The art of the biographer is to drag the statue off its pedestal. A good biographer brings the famous, the exalted, or the notorious down to our level and makes them human. In High Society: The Life of Grace Kelly , Donald Spoto tries desperately to do the opposite. He is so busy pushing Grace Kelly up on the pedestal that he never lets us see her up close. He insists on keeping her far away, insisting on her superior excellence and forcing us to gaze at her from afar.
This is a shame because Grace Kelly lived a fascinating life. This book was a fine opportunity for Spoto to introduce Kelly and her work and her journey from the Philadelphia suburbs to acting prowess to the height of Hollywood stardom and onto marriage and life as a real life European princess. It is a story that begs to be told. Kelly was, by all accounts, a dazzling beauty, a woman who combined those good looks with a genuine gift for acting and a stubborn independent streak to become an Academy Award winner. She stared down the old studio system, fighting to do the movies she wanted and on her schedule. Then at the very peak of her fame and achievement she left it all for the Prince of Monaco, in reality, a king. She was at the center of the first “wedding of the century” with all the attendant attention and then she mostly dropped out of sight for the rest of her life. It is an incredible story. If Grace Kelly had lived in today’s media saturated environment, she would have created a huge TV, internet, celebrity frenzy. She would have been Princess Di plus Jennifer Aniston. Yet today most people, especially the young, have barely heard of her. A nicely done biography would go a long way to sole that problem.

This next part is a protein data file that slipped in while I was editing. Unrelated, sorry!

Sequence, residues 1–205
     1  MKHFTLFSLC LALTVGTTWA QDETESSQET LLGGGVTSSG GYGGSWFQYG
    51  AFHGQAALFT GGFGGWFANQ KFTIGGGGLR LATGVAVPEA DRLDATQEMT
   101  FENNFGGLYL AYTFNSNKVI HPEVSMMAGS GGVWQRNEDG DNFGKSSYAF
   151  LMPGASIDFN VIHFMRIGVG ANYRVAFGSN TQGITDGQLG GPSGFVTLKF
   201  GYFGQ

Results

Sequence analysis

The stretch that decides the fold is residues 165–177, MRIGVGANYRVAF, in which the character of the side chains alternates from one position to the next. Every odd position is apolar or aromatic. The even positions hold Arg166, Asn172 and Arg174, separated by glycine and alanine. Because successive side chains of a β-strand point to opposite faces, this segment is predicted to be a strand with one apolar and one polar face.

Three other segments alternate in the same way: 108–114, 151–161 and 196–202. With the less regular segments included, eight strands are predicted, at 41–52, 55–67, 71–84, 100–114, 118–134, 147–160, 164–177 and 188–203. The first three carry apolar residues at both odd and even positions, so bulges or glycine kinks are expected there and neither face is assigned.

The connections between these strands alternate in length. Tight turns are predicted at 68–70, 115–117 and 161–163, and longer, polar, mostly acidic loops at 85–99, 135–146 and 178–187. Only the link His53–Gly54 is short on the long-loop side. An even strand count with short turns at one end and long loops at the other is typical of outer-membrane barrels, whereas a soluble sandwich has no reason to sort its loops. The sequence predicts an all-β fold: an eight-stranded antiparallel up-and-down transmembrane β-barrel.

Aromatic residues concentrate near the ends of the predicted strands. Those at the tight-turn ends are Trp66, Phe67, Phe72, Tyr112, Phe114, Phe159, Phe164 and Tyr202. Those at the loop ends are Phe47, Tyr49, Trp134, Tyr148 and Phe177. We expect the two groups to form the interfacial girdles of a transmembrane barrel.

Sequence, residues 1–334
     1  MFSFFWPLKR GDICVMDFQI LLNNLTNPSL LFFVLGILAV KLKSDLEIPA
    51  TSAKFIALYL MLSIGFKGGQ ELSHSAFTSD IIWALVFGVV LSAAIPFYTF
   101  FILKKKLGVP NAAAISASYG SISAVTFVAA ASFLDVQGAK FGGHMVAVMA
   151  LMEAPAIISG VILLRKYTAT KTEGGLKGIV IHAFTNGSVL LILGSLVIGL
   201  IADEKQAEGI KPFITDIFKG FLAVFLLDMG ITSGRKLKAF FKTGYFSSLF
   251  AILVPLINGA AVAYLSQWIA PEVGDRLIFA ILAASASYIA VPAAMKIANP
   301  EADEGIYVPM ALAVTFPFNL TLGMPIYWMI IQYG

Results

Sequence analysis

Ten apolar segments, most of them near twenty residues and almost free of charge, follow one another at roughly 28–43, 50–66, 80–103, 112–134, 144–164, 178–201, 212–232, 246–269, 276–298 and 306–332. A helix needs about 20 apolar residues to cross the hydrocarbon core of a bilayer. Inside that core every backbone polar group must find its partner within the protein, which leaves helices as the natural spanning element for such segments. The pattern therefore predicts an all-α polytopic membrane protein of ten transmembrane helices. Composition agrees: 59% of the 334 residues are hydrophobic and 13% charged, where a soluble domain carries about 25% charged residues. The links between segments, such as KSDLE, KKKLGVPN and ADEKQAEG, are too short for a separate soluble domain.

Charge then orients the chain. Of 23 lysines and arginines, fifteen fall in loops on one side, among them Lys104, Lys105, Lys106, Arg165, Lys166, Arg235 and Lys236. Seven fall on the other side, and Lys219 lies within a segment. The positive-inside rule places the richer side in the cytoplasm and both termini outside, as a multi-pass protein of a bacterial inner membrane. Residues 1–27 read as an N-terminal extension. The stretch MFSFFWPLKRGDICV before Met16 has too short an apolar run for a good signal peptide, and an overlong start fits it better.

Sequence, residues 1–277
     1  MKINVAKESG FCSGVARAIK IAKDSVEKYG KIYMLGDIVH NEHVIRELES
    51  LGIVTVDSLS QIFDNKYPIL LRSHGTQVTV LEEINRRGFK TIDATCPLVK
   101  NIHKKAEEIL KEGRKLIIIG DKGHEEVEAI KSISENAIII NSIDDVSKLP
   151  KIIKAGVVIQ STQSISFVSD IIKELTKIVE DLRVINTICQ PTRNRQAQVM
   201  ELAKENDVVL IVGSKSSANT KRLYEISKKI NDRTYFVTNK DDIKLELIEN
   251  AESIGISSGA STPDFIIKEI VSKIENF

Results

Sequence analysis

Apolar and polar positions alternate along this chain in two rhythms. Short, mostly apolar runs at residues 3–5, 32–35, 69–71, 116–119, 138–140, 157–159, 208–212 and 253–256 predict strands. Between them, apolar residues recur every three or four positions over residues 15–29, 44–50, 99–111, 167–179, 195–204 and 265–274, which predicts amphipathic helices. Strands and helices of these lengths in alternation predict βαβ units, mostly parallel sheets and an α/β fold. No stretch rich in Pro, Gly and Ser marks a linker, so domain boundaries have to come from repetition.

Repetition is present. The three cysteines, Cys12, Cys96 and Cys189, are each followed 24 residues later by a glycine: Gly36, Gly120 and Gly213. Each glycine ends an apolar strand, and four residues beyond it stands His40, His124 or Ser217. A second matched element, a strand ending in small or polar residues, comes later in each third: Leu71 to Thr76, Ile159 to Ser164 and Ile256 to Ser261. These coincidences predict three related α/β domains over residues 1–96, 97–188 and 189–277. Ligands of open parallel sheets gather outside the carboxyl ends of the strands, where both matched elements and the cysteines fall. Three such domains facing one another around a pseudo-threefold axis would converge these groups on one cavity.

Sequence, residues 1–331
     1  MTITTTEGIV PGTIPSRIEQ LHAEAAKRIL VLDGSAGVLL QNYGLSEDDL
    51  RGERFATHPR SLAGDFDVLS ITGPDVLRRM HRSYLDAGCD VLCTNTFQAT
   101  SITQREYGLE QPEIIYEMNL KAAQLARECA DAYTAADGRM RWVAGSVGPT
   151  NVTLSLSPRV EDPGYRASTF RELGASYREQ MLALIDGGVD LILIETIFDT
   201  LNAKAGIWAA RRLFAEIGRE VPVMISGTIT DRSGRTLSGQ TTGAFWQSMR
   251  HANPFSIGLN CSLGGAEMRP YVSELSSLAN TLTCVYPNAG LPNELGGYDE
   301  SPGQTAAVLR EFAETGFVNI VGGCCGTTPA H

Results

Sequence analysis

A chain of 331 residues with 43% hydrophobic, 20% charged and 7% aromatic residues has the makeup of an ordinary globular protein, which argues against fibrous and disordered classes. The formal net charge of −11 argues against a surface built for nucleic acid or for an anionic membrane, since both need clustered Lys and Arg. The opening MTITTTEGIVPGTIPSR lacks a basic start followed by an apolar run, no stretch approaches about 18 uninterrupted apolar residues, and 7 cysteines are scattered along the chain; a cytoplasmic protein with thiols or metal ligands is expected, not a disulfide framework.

Spoto has not written that book. He has not written a good biography but something closer to hagiography. He strongly wants to convince us of something that is obvious: that Grace Kelly was a woman of unusual grace and beauty and had an exceptional and strong personality. Spoto spends much time trying to polish a gem that shines all on its own. He tells us that Grace was a virgin in high school, had excellent diction, impeccable manners, was “ethereal without being unrealistic”, her acting and voice were “poignant without sounding arch”. She was ahead of her time in fighting racism and accepting homosexuality. She did not have nearly so many affairs as the rumors would have it. She yearned to be a mother and a wife. It is quite an achievement but this book manages to make Grace Kelly’s life seem boring. She does all the right things, makes all the right choices, glides through troubles and triumphs over all.
Even so, the inherent fascination of Kelly and her story does manage to almost rescue Spotos’s book, especially during the last third. As Kelly comes into her own as an actress, her strong will becomes more and more clear. The most fascinating aspect of Kelly’s narrative turns out to be not to be her mesmerizing and graceful appearances in film, nor her fairytale marriage but her sense that she ought to be in control of her own life. Against a father who consistently belittled her success, directors like Hitchcock who sought to mold her as an actress, a studio system that tried to exploit her, and a celebrity culture that expected her to always be available, Kelly was after the power to choose her own path. The marriage to Prince Rainer was not the typical story of a woman swept up in a royal love affair, dazzled by the trappings and allure of a prince. Rather, it was the willful decision of a woman who had always sought control and saw this marriage as her fulfillment and future no matter what the long term cost to her fame or career or celebrity.
That much at least comes through in Spoto’s book. However, not much else of real significance makes it past the author’s adoring treatment. The reader is left to suspect that there is much more to the story and person of Grace Kelly than what Donald Spoto tells us.